“If that happens, that will make our country much less safe, because all power can be used roguishly. But these powers are there because we actually need them to protect the country. I’m worried that this scandal puts the government in such disrepute, once we get to the bottom of it, that the public will not trust the government to use these powers responsibly,” said McCarthy.
McCarthy is not worried about the bickering in the House Permanent Select Intelligence Committee, suggesting it’s just like lawyers arguing vigorously on different sides of a case.
However, he does say it is up to Congress to find out what happened.
“Congress is the only game in town because this is all classified information. The intelligence committees are cleared to do this kind of investigation. So if we don’t have Congress do it, it’s probably not going to get done anytime soon,” said McCarthy.
Jim Geraghty of National Review and Greg Corombos of Radio America point out that even the liberal editorial board at USA Today is telling Democrats that filibustering Neil Gorsuch is a bad idea against an obviously qualified jurist. They also shudder as apparent terrorist attacks kill and injure metro passengers in St. Petersburg, Russia. And they react to former Obama National Security Adviser Susan Rice reportedly being the one to request the “unmasking” of Trump officials incidentally caught up in government surveillance.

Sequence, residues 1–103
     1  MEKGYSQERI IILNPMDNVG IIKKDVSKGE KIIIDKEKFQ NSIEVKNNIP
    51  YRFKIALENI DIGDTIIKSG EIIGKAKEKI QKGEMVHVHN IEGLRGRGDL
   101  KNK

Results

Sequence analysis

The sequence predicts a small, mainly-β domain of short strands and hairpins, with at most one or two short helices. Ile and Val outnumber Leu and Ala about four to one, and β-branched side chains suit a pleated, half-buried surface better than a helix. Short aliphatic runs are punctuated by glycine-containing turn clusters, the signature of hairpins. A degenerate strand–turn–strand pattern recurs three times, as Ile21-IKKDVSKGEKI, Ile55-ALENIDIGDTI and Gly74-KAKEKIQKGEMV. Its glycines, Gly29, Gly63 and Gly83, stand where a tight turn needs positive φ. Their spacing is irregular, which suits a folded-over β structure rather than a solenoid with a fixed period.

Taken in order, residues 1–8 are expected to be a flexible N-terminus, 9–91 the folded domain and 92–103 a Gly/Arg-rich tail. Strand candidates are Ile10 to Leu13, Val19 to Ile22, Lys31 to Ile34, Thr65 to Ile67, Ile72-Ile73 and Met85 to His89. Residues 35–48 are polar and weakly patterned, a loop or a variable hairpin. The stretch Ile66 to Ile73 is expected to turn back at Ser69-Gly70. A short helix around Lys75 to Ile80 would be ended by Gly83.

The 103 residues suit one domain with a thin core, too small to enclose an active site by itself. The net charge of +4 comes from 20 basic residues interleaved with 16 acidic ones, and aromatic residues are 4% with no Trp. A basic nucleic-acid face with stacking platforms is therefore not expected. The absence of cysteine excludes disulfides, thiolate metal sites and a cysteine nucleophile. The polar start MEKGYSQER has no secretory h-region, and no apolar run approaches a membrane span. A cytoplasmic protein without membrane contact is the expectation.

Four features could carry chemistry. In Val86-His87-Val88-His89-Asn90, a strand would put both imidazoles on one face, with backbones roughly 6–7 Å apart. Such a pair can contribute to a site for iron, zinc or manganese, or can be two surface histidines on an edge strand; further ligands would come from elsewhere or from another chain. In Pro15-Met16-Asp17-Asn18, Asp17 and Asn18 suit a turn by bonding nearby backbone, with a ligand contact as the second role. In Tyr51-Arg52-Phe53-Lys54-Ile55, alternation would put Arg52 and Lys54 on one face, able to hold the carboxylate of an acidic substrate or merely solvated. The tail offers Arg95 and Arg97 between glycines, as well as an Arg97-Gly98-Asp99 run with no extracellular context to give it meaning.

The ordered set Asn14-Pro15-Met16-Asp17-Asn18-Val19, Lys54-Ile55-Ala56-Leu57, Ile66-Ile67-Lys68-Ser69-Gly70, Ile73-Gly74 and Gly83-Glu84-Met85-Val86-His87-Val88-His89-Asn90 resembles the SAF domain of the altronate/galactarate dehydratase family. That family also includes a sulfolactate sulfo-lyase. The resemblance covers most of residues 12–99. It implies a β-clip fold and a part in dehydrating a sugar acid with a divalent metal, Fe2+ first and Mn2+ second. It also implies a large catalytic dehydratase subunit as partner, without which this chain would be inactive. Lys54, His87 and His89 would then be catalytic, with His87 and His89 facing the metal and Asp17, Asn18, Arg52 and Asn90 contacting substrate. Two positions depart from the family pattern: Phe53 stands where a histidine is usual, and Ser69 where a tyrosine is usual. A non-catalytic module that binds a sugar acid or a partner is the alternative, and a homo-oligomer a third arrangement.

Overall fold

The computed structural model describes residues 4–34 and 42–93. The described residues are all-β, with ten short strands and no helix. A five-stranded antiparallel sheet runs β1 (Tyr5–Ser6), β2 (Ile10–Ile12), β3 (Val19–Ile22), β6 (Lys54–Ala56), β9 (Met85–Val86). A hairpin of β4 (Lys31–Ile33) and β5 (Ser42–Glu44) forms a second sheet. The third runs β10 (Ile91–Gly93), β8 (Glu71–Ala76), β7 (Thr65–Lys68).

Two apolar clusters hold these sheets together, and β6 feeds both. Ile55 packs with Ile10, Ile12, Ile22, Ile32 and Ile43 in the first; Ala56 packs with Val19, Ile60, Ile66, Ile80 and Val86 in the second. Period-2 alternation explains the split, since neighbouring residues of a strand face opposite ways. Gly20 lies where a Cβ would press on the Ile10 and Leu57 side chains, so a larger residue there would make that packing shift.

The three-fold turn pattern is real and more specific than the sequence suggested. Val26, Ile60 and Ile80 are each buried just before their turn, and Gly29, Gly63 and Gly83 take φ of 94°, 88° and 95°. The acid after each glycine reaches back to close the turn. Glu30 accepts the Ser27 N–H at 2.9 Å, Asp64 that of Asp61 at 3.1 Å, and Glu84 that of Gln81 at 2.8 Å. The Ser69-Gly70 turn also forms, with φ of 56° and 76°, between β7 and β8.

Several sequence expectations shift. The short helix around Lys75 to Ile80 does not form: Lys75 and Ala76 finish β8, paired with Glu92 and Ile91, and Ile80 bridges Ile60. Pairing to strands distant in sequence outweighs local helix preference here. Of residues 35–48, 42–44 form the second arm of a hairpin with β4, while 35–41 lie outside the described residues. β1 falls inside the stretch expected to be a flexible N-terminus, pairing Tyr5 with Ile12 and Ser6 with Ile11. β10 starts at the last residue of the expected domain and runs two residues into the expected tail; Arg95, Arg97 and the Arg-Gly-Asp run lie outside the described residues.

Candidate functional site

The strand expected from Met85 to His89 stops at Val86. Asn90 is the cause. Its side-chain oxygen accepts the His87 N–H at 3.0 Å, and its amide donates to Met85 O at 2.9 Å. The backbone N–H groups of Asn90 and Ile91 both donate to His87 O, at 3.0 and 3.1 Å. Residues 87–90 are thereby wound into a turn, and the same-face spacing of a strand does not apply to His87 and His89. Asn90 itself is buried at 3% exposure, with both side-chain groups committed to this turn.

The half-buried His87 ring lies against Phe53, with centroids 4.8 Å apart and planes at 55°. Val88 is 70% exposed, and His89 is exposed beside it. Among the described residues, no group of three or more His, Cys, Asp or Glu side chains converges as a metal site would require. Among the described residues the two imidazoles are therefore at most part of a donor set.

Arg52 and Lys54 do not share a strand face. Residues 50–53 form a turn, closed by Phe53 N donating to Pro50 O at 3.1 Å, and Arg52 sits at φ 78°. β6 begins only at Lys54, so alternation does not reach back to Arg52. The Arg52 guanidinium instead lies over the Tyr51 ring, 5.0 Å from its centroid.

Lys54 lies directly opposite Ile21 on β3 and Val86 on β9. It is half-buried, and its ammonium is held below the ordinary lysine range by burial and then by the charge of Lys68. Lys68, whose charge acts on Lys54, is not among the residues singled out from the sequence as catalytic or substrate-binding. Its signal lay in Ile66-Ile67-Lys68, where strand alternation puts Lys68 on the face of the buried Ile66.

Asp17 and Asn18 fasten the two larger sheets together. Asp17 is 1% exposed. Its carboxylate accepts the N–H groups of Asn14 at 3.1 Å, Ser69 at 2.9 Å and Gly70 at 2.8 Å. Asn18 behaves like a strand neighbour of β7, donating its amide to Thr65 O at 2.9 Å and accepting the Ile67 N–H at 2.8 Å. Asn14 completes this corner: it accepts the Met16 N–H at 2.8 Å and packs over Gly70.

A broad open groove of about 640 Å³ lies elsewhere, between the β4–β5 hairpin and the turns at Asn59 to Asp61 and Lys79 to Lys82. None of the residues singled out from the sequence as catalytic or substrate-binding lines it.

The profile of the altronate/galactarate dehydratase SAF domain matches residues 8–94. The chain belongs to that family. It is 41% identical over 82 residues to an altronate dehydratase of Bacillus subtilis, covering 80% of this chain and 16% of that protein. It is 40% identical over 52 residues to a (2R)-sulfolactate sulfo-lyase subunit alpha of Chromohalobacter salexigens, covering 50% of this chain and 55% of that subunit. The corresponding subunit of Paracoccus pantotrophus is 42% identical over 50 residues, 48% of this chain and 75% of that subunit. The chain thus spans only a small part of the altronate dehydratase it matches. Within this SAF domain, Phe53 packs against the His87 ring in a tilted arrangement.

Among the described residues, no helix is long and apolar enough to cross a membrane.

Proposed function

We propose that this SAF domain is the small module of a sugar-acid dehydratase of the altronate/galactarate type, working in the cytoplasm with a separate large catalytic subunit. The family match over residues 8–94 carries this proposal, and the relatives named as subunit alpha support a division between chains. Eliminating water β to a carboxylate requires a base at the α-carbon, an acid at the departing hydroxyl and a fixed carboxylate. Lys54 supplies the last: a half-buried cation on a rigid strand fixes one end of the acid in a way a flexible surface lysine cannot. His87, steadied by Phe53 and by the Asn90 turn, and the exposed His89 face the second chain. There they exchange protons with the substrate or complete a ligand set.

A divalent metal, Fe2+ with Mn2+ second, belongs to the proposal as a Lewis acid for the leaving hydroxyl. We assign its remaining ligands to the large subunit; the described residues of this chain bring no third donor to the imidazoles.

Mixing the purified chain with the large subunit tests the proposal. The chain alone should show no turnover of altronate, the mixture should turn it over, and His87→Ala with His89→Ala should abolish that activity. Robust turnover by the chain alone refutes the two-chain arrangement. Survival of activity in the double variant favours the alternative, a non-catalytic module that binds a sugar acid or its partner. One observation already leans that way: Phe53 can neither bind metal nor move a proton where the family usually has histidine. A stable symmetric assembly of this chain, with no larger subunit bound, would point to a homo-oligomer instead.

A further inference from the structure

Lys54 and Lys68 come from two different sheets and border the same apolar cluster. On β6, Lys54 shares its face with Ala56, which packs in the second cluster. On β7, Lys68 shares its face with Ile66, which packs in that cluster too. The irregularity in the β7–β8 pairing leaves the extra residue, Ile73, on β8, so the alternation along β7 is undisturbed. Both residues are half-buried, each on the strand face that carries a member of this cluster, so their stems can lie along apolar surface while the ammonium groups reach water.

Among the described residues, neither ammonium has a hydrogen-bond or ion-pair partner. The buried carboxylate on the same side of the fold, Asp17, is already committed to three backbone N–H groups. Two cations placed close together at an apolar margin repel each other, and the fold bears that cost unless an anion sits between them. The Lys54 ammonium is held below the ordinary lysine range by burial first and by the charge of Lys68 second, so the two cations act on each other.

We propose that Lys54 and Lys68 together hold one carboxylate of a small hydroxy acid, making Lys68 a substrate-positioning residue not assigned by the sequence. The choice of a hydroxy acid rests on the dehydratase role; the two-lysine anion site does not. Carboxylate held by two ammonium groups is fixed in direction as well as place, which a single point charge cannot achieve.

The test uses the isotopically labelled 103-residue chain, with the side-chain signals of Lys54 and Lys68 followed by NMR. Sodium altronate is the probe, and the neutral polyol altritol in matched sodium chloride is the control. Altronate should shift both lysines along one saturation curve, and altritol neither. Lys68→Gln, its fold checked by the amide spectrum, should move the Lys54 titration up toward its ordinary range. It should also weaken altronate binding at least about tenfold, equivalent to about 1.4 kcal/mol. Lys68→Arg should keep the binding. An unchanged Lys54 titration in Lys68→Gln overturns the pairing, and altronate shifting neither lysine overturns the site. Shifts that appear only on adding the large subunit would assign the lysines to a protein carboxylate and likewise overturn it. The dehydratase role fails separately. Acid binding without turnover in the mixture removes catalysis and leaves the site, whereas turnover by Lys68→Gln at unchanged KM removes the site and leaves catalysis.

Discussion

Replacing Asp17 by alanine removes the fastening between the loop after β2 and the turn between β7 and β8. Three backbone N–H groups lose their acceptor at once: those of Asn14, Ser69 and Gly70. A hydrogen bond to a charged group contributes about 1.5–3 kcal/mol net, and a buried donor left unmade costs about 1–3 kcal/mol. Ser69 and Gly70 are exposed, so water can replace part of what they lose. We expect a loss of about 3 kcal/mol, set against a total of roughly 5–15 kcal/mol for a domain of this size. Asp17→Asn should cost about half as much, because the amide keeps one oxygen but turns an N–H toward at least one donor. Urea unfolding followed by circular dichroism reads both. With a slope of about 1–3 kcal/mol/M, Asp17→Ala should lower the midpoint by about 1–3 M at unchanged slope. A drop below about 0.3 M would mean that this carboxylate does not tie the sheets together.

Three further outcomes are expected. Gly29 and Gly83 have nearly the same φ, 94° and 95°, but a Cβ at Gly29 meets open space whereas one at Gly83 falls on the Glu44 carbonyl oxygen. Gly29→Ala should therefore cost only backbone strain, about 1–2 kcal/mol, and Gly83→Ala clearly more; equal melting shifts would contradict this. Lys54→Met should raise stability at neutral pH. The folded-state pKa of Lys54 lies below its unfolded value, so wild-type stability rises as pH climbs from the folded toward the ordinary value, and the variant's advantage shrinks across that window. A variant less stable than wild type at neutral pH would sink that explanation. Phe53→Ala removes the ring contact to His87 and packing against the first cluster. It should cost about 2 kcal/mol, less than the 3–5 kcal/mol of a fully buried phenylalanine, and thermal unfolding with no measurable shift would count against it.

The former chairman of the House Permanent Select Committee on Intelligence says it would be highly unusual for any raw intelligence transcripts to reach the White House, and he says if any “incidental” surveillance that did go to political operatives, then lawmakers should actively encourage and protect whistleblowers for coming forward.
This week, the current chairman of the committee, Rep. Devin Nunes, R-Calif., told President Trump and the media that he has seen evidence suggesting Trump associates and possibly even Trump himself were picked up communicating with foreign targets under U.S. surveillance.